Concert Hall Stage
Louis Spiering Room
The Sheldon Memorial, named after Walter Sheldon who founded the St. Louis branch of the Ethical Society, was designed by the noted 1904 World's Fair architect Louis C. Spiering and opened its doors in 1912 as the home of the Ethical Society of St. Louis. Speakers such as Margaret Mead, Thurgood Marshall, R. Buckminster Fuller, Norman Cousins and Martha Gellhorn have spoken from its stage and the St. Louis Chapter of the League of Women Voters was founded in The Sheldon's Green Room. The day after music was first heard in The Sheldon, the headline in the St. Louis Globe Democrat declared: "Acoustics found perfect." Musicians and music loves have been enjoying those perfect acoustics for 100 years and the Sheldon Concert Hall has been called "The Carnegie Hall of the Midwest."|
When the Ethical Society relocated to St. Louis County in 1964, concert programs continued and the Society also used the facility as a community center for social action programs such as job training. From 1973 to 1984 The Sheldon was two different gospel churches and outside promoters began presenting concerts of jazz, blues and folk music. In 1984, Eugene Golden, a California attorney with a love for chamber music, purchased The Sheldon, began restoration of the hall, and engaged Walter Gunn as the first executive director. The non-profit Sheldon Arts Foundation was formed in 1988, and with Leigh Gerdine as chairman, purchased the facility in 1991 to preserve the venue as one of St. Louis' important cultural resources. Paul Reuter became executive director in 1994 and a major capital campaign begun in 1996 made possible major renovations to the Concert Hall, Ballroom and the adjoining Annex, formerly a parking garage. A street level entrance and two elevators made the Concert Hall and Ballroom accessible for the first time in its history, a second floor lobby was added along with a sculpture garden between the two buildings, and the 7,000 square foot Sheldon Art Galleries were created on the first and second floors of the Annex. One year later in 1999, the third floor 500-seat ballroom called the Louis Spiering Room was opened. In 2001 new stained glass windows designed by Rodney Winfield were installed by Emil Frei & Sons in the Sheldon Concert Hall.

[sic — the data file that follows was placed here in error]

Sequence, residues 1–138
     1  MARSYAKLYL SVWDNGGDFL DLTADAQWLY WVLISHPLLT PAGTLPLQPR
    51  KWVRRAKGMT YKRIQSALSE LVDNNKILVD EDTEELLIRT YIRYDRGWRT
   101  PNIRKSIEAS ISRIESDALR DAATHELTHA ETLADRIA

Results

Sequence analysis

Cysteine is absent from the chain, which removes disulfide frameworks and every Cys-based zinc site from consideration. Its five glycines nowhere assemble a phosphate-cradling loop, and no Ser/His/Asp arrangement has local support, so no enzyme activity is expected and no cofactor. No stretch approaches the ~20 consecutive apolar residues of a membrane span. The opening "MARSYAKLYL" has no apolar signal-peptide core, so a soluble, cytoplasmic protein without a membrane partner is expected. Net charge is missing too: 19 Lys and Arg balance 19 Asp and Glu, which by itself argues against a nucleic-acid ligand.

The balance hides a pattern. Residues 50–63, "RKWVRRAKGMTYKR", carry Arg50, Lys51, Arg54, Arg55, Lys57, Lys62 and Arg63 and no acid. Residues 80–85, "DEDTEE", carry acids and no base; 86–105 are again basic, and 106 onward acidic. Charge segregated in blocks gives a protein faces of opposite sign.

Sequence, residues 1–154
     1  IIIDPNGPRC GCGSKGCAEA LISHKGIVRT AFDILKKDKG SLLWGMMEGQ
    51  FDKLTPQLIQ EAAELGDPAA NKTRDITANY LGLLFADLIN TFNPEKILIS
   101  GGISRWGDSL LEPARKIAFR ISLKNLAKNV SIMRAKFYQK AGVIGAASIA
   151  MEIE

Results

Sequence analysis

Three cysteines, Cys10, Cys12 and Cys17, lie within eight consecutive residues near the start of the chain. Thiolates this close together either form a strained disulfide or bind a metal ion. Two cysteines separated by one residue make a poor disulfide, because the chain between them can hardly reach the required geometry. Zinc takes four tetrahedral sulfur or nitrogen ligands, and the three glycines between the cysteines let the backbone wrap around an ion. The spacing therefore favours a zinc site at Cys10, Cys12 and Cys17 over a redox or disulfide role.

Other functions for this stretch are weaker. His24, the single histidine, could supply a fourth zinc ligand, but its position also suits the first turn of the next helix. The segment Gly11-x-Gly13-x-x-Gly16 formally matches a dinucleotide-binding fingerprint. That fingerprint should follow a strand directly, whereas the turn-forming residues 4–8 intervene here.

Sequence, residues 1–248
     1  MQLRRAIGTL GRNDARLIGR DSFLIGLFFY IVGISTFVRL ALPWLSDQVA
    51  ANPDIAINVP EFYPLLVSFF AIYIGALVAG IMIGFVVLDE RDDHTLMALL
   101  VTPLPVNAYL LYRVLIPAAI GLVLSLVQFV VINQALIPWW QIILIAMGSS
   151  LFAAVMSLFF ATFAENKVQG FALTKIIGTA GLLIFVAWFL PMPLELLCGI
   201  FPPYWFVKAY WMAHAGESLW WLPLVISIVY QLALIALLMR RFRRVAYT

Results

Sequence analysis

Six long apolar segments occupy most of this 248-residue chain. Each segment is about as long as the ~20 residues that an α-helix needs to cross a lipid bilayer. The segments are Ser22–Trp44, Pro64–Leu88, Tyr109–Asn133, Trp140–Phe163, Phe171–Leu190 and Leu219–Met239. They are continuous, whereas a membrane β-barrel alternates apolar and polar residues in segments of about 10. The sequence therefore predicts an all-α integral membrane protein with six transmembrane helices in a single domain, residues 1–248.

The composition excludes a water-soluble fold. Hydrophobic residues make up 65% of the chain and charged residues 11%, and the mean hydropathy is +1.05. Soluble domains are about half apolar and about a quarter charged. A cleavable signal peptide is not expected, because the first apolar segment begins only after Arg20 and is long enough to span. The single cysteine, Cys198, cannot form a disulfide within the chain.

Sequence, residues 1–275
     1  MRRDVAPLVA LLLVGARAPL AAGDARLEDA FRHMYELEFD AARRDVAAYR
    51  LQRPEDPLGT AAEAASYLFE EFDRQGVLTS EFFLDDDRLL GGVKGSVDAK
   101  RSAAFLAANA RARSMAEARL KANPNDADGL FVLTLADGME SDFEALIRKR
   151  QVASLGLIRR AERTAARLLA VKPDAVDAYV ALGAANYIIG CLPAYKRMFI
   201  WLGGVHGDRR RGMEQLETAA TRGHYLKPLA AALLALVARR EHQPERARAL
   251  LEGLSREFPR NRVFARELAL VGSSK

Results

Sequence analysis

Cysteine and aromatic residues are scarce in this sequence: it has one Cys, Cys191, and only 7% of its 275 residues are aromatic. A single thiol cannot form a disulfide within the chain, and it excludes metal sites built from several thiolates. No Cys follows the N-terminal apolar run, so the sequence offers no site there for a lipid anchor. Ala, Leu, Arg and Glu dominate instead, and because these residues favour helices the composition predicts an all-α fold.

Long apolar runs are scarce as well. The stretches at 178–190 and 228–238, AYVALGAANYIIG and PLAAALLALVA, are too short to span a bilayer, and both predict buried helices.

Today The Sheldon is the site of over 350 events each year, including great jazz, folk and classical music in the Sheldon Concert Hall, featuring the world's finest musicians. Artists such as Dave Brubeck, Diana Krall, José Carreras, Herbie Hancock, Doc Watson, Joan Baez, Willie Nelson, Lyle Lovett, B.B. King, Wynton Marsalis, Judy Collins, Ren&eactute;e Fleming and many more have performed at The Sheldon. In addition, The Sheldon presents a wide range of educational programs for schools, Matinee Concerts for families, Coffee Concerts for seniors, and Sheldon Sessions and Ballroom Concerts for college students and young professionals. The weekly Notes From Home series showcases St. Louis musicians in every genre. The Sheldon Art Galleries present a wide range of exhibits in photography, architecture, St. Louis artists and collections, jazz history, children's art, sculpture and emerging artists. Recent exhibits have included Josephine Baker: Image and Icon that drew visitors from Europe and around the country, was named best exhibit in 2006 by the St. Louis Post-Dispatch and travelled to the National Portrait Gallery at the Smithsonian in Washington, D.C. The Sheldon has also shown City of Gabriels: The History of Jazz in St. Louis and published the accompanying book of the same name, the first full-length book on St. Louis' important contributions to jazz.
The Sheldon collaborates with a host of community organizations on programs such as First Night, What's Right with the Region Awards, Grand Center Visionary Awards, the 9/11 Commemoration, jazz and blues programs for Cardinals Care's Redbird Rookies, and many fundraising events for other non-profit organizations in the St. Louis region.